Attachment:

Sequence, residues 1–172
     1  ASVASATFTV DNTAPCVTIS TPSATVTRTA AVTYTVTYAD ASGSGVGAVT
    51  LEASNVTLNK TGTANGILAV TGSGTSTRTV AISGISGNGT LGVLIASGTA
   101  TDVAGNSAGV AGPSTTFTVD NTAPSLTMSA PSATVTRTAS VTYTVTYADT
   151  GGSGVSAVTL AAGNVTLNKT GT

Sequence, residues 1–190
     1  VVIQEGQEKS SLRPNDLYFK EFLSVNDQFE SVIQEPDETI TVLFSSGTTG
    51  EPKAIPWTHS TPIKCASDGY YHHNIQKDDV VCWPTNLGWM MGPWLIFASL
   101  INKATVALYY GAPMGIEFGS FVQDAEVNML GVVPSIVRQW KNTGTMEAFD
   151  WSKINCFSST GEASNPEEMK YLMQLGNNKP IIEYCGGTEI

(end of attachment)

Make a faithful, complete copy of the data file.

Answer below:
Sequence, residues 1–172
     1  ASVASATFTV DNTAPCVTIS TPSATVTRTA AVTYTVTYAD ASGSGVGAVT
    51  LEASNVTLNK TGTANGILAV TGSGTSTRTV AISGISGNGT LGVLIASGTA
   101  TDVAGNSAGV AGPSTTFTVD NTAPSLTMSA PSATVTRTAS VTYTVTYADT
   151  GGSGVSAVTL AAGNVTLNKT GT

Sequence, residues 1–190
     1  VVIQEGQEKS SLRPNDLYFK EFLSVNDQFE SVIQEPDETI TVLFSSGTTG
    51  EPKAIPWTHS TPIKCASDGY YHHNIQKDDV VCWPTNLGWM MGPWLIFASL
   101  INKATVALYY GAPMGIEFGS FVQDAEVNML GVVPSIVRQW KNTGTMEAFD
   151  WSKINCFSST GEASNPEEMK YLMQLGNNKP IIEYCGGTEI